Though I was probably only seven or eight years old the first time I went on a “fishing trip,” I still have many vivid memories of that experience.
My grandparents loaded me in the backseat of their car and off we went to the north woods of Wisconsin. Our destination was a lonely lake, magical in every way to a kid who had never fished on a anything bigger than a farm pond.
One of the surprises, however, wasn’t the bait we used, it was how we obtained the bait. I knew from my limited experience as a fisher-kid that fish would reliably bite worms. I’d seen artificial baits and they certainly drew my attention, but I’d never used one and I’d certainly never been in a bait shop which sold minnows. I was aware big fish eat little fish, but the fish I’d caught previously were all caught on hooks baited with worms.
There weren’t any bait shops in Brook, where I grew up. I’m not sure there was any in Newton, Jasper or Iroquois County. If we wanted to go fishing, we used worms.
So it wasn’t surprising when my grandparents and I used worms to fish for those north woods fish. That seemed normal. What was intriguing was how we got the worms. Grandpa bought them!
I had no idea anyone would sell worms and, equally puzzling, why would anyone buy them? When my buddies and I went fishing, we just grabbed a shovel, headed for the garden and went to work. Sometimes it was hard work, other times it was easy depending on the tilth and moisture in the soil, but persistence always paid off. By the time we’d run out of worms, we’d have caught plenty of fish.
The coronavirus has provided an excellent excuse to “shelter in place” in a places near home close to where some fish live. You can bet an earthworm will be as good a bait as any to put on the hook and, not to put any extra hurt on businesses which sell “Walt’s Crawlers” or any other types of earthworms, why not just start the trip with a worm-digging session?
If you have a garden, chances are it’s a great place to dig for worms. Though worms are terrific to have in garden soil, the green beans or tomatoes won’t miss a few removed for fish bait. The reason I say gardens are good, is because gardeners make an effort to keep the soil there fertile and the gardens are usually located in good worm areas. Gardens are poor in dry sandy soil and so is worm digging. Gardens don’t grow well in areas which are overly wet or poorly drained areas either — neither do worms. If you can reliably grow a good garden, I bet there are plenty of worms to be had, as well.
If you are really lucky, your whole yard is a worm garden and contains both regular, garden worms as well as nightcrawlers. Fish like both kinds and both kinds can be shoveled up quite easily. But if you want an extra adventure, try hunting nightcrawlers — at night.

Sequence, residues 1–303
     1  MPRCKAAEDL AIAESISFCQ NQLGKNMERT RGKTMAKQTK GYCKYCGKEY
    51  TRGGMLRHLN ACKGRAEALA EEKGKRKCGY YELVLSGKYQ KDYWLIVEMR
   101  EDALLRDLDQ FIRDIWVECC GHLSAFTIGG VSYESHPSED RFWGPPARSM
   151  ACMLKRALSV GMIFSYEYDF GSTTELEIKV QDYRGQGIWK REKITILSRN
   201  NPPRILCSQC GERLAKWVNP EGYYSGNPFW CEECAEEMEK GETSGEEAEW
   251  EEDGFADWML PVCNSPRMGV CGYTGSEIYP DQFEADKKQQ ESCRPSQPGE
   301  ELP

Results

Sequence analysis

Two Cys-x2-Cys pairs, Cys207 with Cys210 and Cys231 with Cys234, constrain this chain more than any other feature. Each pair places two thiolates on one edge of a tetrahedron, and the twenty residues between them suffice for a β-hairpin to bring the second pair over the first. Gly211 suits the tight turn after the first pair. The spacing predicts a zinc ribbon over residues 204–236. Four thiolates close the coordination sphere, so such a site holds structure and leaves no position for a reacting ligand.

They emerge from their subterranean world to feed and find mates on humid moist nights, the kind with heavy dew or after a late afternoon rain shower. It’s up to you to locate them, grab one securely then play tug-of-war with it to pull it free of it’s burrow. Pulling too hard will pull it in in two and it will quickly die or injure it and probably kill it later rather than sooner. It’s not as easy as one would imagine.
If you want an additional challenge, try to “charm” the worms out of their burrows in the daytime. Also called worm fiddling or worm grunting, some people have mastered the technique and can fill their bait buckets in a few minutes.
The tools are simple. A three foot long stake is required. Grooves or notches notches are cut along half of the stake’s length and a pointed end cut on the other end to make it easy to push or pound into the “worming” area. Another stick is then used to rub up and down the notched length of the stake protruding from the soil. When it’s being done correctly the worms up to three or four feet of the the stake will come crawling to the surface where they can be grabbed and put in the worm container.
No one knows exactly why a worm reacts this way. I’m not sure a worm even has a brain to figure it out, but the working theory is they mistake the vibrations for the digging and feeding sounds made by moles which love to feed on worms. Moles seldom come to the surface to feed so it’s a sound escape plan, unless the vibrations are being made by worm-seeking fishermen.
It doesn’t have to be two sticks making the vibrations. An old broom handle driven into the ground rubbed with a hand saw can produce the low vibrations needed. Some worm callers use two lengths of rebar to charm up some nightcrawlers for bait.
One worm charmer suggested the perfect location is where a pile of leaves have covered the soil long enough to act as a mulch. The mulch keeps the soil moist, provides a food source for the worms and when the leaves are raked away, the worms are easy pickings when they pop to the surface.
Tired of sheltering in place? Head for a place the worms are sheltering and charm few to the surface. Then head for the nearest fishing hole.